#5: Play The Whistle
In a January game at Madison Square Garden, Manu Ginobili attempts to throw a lob inside to LaMarcus Aldridge. In a stroke of luck, Ginobili’s pass finds the basket rather than Aldridge’s hands. The play caught almost everyone in the building off guard. And then chaos ensues.
Beasley grabbed the “rebound” and proceeded to start the fast break, despite the fact that Manu hit the shot. The referees continue to let the play go on without awarding the basket to the Spurs. Eventually, the referees stop the game and award San Antonio three points, but the utter confusion of the situation is classic Beasley.
Play the whistle. This is something that Beasley could probably get away with if he was at the park. It’s unfortunate that the referees had to step in and make the right call.
#4: Jan. 9, 1989
What significance does January 9th, 1989 have on Michael Beasley’s 2017-18 season with the Knicks? Well, that is the date that Beasley was born. And apparently, that’s the day that he knew he had the hot hand. In a way that only he could, Beasley delivered one of the most confident quotes you’ll ever hear.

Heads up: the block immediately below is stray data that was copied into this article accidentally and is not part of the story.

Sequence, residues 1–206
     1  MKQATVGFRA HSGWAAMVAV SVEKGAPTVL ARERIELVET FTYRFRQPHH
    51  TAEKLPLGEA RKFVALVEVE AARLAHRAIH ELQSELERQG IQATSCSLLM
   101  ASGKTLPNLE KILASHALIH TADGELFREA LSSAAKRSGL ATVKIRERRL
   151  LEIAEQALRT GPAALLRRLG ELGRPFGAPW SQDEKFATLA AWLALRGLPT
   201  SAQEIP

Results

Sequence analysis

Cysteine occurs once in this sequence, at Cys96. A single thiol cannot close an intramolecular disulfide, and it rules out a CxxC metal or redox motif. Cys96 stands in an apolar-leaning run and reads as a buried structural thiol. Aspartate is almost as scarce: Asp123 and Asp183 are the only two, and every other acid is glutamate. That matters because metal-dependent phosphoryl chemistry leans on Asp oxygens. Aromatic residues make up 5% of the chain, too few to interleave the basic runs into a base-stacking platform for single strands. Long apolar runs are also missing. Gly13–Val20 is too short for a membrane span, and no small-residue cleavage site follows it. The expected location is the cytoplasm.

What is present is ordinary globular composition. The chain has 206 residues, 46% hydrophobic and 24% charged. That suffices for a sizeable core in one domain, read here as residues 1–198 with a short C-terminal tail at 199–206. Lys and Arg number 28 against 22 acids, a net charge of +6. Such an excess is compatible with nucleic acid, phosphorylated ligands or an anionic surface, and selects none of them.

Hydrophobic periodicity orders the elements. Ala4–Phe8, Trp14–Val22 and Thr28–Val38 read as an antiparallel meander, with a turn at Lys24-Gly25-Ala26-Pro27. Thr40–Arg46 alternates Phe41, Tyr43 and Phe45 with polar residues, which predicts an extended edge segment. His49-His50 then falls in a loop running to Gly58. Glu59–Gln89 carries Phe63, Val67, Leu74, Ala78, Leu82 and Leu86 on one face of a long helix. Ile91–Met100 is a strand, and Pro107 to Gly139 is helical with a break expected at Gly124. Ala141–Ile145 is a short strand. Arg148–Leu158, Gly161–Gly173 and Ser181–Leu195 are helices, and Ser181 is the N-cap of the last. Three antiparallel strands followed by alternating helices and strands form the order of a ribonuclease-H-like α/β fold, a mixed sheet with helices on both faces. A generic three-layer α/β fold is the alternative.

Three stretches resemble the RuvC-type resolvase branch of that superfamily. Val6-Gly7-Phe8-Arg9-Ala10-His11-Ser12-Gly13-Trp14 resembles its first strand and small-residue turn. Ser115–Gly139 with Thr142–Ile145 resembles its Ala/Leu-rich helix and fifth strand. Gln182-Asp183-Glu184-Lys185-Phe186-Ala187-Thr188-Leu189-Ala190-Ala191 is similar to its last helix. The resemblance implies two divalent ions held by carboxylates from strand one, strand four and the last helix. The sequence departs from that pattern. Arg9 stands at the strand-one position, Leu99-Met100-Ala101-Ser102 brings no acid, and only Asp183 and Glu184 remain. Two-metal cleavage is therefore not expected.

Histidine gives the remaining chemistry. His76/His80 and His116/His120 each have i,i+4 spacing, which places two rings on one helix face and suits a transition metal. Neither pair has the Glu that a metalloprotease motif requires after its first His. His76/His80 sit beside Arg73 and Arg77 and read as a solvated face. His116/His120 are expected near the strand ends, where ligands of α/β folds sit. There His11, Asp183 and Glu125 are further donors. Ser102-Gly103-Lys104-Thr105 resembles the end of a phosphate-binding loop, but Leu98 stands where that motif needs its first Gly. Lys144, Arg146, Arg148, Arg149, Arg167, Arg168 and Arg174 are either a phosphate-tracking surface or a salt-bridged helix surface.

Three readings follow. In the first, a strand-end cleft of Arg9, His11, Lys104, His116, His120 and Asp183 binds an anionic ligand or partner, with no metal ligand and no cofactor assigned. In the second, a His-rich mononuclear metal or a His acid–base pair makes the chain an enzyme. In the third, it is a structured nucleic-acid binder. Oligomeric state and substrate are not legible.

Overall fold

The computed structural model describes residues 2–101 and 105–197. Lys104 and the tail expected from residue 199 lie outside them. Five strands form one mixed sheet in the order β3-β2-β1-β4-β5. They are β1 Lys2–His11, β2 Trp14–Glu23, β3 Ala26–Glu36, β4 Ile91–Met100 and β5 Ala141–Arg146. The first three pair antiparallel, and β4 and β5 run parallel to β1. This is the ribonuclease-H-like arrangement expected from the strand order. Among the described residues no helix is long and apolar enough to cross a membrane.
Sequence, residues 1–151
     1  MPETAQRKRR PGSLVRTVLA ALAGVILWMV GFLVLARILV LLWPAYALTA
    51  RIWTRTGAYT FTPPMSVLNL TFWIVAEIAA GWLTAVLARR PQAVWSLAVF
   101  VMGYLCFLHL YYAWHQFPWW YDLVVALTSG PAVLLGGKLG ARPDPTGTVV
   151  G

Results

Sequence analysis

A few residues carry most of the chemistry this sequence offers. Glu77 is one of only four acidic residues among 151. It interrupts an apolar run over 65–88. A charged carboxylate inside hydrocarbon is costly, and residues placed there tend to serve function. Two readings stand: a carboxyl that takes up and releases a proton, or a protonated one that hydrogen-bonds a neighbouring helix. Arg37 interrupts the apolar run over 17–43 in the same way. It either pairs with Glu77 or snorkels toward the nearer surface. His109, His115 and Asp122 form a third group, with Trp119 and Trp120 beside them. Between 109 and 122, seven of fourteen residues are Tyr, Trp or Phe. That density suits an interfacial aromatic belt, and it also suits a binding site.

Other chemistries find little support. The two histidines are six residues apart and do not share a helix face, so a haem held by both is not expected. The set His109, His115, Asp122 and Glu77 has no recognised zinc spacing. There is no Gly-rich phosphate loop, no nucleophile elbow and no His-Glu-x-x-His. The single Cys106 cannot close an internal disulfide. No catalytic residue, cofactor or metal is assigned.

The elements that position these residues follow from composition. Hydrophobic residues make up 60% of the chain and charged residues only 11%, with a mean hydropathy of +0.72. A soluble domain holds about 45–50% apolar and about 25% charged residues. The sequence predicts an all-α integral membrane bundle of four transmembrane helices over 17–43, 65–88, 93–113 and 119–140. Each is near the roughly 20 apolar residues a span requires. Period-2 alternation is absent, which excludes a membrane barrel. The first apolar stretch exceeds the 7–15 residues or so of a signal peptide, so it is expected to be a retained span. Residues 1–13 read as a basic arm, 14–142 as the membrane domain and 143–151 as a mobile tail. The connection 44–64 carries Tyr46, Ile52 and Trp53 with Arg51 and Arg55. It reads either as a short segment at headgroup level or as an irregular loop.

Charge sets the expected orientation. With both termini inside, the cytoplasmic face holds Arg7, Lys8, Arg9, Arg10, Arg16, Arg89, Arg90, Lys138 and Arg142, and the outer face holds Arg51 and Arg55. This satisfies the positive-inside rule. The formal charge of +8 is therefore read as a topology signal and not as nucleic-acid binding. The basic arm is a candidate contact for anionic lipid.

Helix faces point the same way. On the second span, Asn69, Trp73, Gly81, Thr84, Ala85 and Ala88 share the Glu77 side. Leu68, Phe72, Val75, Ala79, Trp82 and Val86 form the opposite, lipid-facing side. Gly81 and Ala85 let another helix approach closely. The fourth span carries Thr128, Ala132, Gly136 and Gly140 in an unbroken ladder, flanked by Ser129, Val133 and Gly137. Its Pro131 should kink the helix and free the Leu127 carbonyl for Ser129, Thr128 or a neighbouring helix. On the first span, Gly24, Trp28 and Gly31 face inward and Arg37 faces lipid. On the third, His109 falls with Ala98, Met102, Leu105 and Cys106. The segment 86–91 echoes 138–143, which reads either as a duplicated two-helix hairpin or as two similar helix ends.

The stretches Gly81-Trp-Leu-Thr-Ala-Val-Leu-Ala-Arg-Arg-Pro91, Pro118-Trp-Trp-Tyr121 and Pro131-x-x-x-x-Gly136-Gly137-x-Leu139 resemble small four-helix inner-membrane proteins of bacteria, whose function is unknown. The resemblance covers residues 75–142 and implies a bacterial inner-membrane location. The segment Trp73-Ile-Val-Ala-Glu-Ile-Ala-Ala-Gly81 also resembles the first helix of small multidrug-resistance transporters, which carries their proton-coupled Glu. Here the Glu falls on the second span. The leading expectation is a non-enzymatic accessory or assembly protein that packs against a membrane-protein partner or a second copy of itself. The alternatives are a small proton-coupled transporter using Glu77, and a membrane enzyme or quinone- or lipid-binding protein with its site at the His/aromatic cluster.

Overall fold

After a game in November, Beasley was asked when he knew he had the hot hand. His reply was simple: “January 9th, 1989.” He’s been feeling the hot hand since birth. Knicks fans ran wild with this quote, and rightfully so. Twitter bios filled with variations of this gem.
The game against Boston that led to this quote was anything but a bad moment for Beasley, but more on that later.
#3: Spoiling Carmelo's Return
Carmelo Anthony’s return to Madison Square Garden took over New York on one Saturday night in December. The smattering of boos amongst the raucous cheers of the Melo faithful was clearly the story of the night.
Well, until Michael Beasley seized the spotlight from the former franchise player. On another night where Porzingis was sidelined with nagging injuries and Tim Hardaway Jr. was out as well, Beasley stepped in without missing a beat. The swingman pocketed his second 30 point performance of the season and effectively ruined Anthony’s homecoming.
These types of offensive explosions brought a palpable energy to the Garden. The place was buzzing when Beasley was cooking. Although Beasley’s inconsistent play reared its ugly head at times, he was always one bucket away from popping off like he did against Carmelo Anthony and the Thunder.